ISLAMABAD: Pakistan Army will initiate a formal inquiry against former Inter-Service Intelligence (ISI) chief Lieutenant General (retd) Asad Durrani for his controversial book Spy Chronicles in a move suggesting that the controversy may not end anytime soon.
The former spymaster not only faces a formal probe but his name would also be placed on Exit Control List (ECL).
The announcement came from the chief military spokesperson on Monday after Durrani was called to the GHQ to explain his position on the recently-published book.
After failing to give a satisfactory reply, the army constituted a Court of Inquiry to be headed by a three-star general to probe Durrani’s actions.
What was more significant was the decision by the army to request that the interior ministry place his name on the ECL.
“Lt Gen (retd) Asad Durrani was called at GHQ today to explain his position on [the] recently-launched book ‘Spy Chronicles’. A formal Court of Inquiry headed by a serving Lt Gen has been ordered to probe the matter in detail. Competent authority approached to place his name on ECL,” reads a statement issued by the Inter-Services Public Relations (ISPR).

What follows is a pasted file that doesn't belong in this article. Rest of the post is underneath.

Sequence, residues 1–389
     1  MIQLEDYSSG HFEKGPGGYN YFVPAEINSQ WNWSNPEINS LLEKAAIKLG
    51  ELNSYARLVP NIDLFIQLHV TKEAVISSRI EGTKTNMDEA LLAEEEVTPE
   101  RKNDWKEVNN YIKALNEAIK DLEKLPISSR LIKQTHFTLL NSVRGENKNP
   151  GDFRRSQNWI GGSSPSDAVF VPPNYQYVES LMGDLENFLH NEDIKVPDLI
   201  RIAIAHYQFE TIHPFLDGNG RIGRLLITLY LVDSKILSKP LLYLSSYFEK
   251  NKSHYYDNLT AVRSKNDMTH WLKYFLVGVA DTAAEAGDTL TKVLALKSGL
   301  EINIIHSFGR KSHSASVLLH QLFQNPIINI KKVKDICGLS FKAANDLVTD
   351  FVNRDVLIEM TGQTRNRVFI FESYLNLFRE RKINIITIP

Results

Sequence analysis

The development came after Durrani co-authored ‘Spy Chronicles: RAW, ISI and the Illusion of Peace’ with former Research and Analysis Wing (RAW) chief Amarjit Singh Dulat and Indian journalist Aditya Sinha.
Durrani made certain observations including a claim that then prime minister Yousaf Raza Gilani was fully onboard regarding the US Navy Seals operation against Osama Bin Laden in Abbottabad and that a special deal was struck between the US and Pakistani governments in this regard.
He also went on to suggest that Pakistan mishandled the case of convicted Indian spy Kulbhushan Jhadav, claiming that he would eventually be handed over to India.
Military sources said that the GHQ had serious reservations over some of the comments made in the book, terming them “baseless” and “contrary to facts”.
The book triggered a debate in the country with many questioning how a former spymaster could co-author a book with a RAW chief on such sensitive issues.
Former Senate chairman Raza Rabbani on Friday said that if a politician or a civilian had agreed to co-author a book with an Indian, they would have been charged with treason.
Three-time prime minister Nawaz Sharif, who himself is in the eye of a storm after his controversial statement on the Mumbai attacks, demanded that a National Security Committee meeting be convened to discuss the disclosures made by the former ISI chief in the book.